Bing on web browser on laptop

Sayonara Gemini Search. Long Live the Bing.

Verizon Media (formerly known as Oath) is putting the band back together and we’re predicting this sequel to outperform the original.

With Verizon Media expanding its partnership with Microsoft, a ripple effect will form within the advertising industry, as Bing and the Microsoft Audience Network inevitably grow in strength. Bing and Verizon Media will have access to one another’s native network, however if you buy via Bing then you have the potential to gain additional insights via data overlap using Microsoft graph.

The biggest news for us in Paid Search: we bid farewell to Yahoo Search as it will be powered by Bing going forward.

Earth shattering stuff, we know.

Back in 2015 Verizon bought AOL, which it then merged with Yahoo in 2017 to form Oath. Over this same time period, Microsoft’s stock price tripled. If anyone was to dent an industry dominated by Google, surely the combination of these two juggernauts stand the best chance.

The History

Google and Yahoo confirmed a deal back in June 2008. The renewable 10-year deal was to go beyond paid search results on Yahoo and include contextual advertising on the Yahoo network and, potentially, on their partner sites. This faced continuous opposition until later that same year Google decided to discontinue its agreement with Yahoo, citing “a protracted legal battle, but also damage to relationships with valued partners.”

Cue the introduction of Microsoft. With this legacy deal, Yahoo was obligated to show Bing ads on desktop, however there was a lot more flexibility with regards to mobile. Yahoo took full advantage of this and launched the Yahoo Gemini platform in 2014 search and native ads. Inevitably, in 2015, a new deal was negotiated in Yahoo’s favor and it was agreed that only 51% of desktop search traffic had to carry Bing ads.

This most recent change takes us back to the future as Bing secures advertising on Yahoo, only this time with an even stronger offering and the exciting Microsoft Audience Network. Will this sequel turn out to be a rare great or fall into the bargain bucket along with Bambi 2 and Jaws: The Revenge?

So what does this all mean for Paid Search?

In the US, Gemini Search will be depreciated and Yahoo’s search engine will be powered by Bing. The changeover will begin March 15th, and conclude at the end of March. After this switch, Bing Ads will assume responsibility for all paid search ads on Yahoo and Yahoo’s partners/properties. 

Gemini Search was never a huge driver of traffic comparatively, however Bing predicts click volume for current advertisers will increase in the US by an estimated 10% to 15% once this transition is complete. Other countries are unlikely to see a meaningful impact.  Since a significant portion of traffic from Gemini Search was mobile, we can assume mobile traffic makes up a large majority of that percentage.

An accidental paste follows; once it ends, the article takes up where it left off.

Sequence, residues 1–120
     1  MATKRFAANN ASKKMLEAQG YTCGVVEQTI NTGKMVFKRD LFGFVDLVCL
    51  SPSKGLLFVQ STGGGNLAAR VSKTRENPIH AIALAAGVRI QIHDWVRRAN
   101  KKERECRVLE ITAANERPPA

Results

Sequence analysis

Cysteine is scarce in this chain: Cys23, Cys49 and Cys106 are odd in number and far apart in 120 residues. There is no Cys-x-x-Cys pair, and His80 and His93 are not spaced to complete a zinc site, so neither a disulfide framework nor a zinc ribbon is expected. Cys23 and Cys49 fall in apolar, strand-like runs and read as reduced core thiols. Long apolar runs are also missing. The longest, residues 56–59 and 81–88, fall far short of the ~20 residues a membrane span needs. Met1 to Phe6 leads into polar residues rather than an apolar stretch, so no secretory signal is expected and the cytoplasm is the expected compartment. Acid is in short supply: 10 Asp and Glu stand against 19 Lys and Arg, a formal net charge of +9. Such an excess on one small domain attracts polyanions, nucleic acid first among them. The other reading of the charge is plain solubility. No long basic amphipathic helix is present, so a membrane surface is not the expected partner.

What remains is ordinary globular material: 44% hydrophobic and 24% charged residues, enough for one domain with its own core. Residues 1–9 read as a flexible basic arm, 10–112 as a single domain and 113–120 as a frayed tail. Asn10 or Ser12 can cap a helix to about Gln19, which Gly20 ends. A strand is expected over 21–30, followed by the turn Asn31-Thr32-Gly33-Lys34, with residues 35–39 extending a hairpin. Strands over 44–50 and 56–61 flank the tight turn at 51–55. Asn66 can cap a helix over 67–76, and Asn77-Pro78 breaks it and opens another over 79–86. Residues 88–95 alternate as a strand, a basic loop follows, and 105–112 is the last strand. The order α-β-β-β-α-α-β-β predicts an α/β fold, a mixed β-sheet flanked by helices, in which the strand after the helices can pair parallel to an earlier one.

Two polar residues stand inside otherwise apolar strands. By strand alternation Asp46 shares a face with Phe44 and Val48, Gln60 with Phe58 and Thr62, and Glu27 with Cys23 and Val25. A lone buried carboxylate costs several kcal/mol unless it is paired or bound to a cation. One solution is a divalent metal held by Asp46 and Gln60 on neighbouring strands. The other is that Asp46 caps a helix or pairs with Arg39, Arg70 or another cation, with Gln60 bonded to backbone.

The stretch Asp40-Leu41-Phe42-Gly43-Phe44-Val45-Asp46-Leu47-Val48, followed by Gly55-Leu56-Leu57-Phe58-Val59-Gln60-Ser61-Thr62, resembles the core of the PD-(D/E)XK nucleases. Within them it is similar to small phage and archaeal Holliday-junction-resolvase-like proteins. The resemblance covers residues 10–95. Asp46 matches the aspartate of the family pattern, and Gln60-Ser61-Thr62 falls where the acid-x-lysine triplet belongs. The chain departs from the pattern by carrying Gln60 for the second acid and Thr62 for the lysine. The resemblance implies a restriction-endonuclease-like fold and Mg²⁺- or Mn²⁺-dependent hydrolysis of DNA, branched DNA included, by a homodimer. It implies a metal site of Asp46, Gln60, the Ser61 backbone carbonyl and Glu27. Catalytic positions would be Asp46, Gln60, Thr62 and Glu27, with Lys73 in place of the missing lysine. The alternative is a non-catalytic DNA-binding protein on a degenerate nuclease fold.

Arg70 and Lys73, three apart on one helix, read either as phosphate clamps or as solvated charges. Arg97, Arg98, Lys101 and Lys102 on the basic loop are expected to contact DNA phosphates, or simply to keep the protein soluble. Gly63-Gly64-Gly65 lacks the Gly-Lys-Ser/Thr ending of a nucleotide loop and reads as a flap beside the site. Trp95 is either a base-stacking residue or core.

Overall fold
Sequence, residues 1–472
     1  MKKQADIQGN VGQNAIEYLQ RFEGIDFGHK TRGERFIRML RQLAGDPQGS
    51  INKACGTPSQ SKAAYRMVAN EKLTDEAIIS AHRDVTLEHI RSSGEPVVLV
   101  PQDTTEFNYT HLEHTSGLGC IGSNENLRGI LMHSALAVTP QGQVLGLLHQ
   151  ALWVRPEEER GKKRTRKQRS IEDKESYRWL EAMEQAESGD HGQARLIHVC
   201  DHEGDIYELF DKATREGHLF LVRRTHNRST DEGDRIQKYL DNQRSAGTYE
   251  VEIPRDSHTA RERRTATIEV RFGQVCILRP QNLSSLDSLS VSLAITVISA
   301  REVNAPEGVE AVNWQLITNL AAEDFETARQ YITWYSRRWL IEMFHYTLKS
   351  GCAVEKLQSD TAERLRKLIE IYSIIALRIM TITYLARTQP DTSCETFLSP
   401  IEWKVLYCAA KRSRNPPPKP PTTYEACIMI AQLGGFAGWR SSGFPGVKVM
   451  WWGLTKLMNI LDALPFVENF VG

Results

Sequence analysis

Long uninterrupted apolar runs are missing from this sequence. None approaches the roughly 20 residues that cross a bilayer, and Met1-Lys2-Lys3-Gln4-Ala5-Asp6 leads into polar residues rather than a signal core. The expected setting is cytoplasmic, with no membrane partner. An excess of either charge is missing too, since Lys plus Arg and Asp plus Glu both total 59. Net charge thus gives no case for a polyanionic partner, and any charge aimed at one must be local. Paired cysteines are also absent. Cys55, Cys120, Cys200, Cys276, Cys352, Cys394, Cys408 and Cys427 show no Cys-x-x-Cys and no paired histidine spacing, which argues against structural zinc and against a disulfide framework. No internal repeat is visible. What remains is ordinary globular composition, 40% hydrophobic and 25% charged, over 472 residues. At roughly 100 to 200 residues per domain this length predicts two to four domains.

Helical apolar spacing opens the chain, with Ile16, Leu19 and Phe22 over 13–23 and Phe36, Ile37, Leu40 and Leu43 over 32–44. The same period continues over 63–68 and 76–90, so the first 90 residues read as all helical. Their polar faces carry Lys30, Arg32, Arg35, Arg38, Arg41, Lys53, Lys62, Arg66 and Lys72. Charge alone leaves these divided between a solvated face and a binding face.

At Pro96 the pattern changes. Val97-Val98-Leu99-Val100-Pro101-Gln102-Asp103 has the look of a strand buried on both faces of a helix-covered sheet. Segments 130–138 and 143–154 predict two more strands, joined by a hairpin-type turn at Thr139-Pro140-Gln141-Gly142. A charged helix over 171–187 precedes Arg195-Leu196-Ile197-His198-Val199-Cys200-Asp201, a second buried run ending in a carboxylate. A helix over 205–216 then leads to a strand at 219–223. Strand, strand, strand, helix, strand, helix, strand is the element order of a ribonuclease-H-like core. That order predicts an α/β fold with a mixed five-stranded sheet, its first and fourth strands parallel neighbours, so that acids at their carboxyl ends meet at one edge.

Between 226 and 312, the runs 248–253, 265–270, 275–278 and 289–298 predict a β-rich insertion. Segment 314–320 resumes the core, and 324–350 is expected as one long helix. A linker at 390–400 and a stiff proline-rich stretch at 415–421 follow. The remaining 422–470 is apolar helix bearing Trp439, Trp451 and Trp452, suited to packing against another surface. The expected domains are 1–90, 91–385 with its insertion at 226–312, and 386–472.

What can I do with this information?

As things currently stand, Gemini Search traffic looks to be powered by Bing, thus an estimated increase of 10% to 15% in Bing Ads traffic may be seen. Here are the steps you can take to be prepared for these changes which will come into effect mind March:

  1. We first suggest that you look at your current Gemini Search account to help estimate the forthcoming impact. If not, no need to worry, simply follow the remaining steps.
  2. Ensure Bing parity! So often Paid Search experts suffer from Google Ads tunnel vision. Be sure to fully audit your Bing Ads accounts and confirm that all relevant opportunity is being captured.
  3. Analyze current mobile performance and determine an action plan to hopefully improve it. If we generalize that the majority of this increased traffic will come via mobile, then we must ensure that we are doing everything to optimize it.
  4. Check that all IO’s, budgets, and pacing plans can accommodate an increase in traffic (remember it may largely come via mobile).
  5. Reach out to your Yahoo and Bing reps for more details and any nuances which may occur with your accounts in particular.

This seems to be a leap forward for both parties as Verizon Media increases the size of its tech stack and Microsoft increases their significance within the industry. Regarding Microsoft’s Bing Ads in particular, the platform is habitually treated as a secondary tactic, but this new partnership could change the general consensus. However, only time will tell if Bing and Gemini are simply trading market share vs. cutting into Googles governance.

Regardless, Gemini’s platform and targeting capabilities have never been on par with Bing Ads or Google Ads, so I am certain Paid Search marketers will be ecstatic with platform consolidation at the very least. In the meantime, we can expect many more details to come out in the following weeks that will give a clearer sense of how this modified partnership will play out.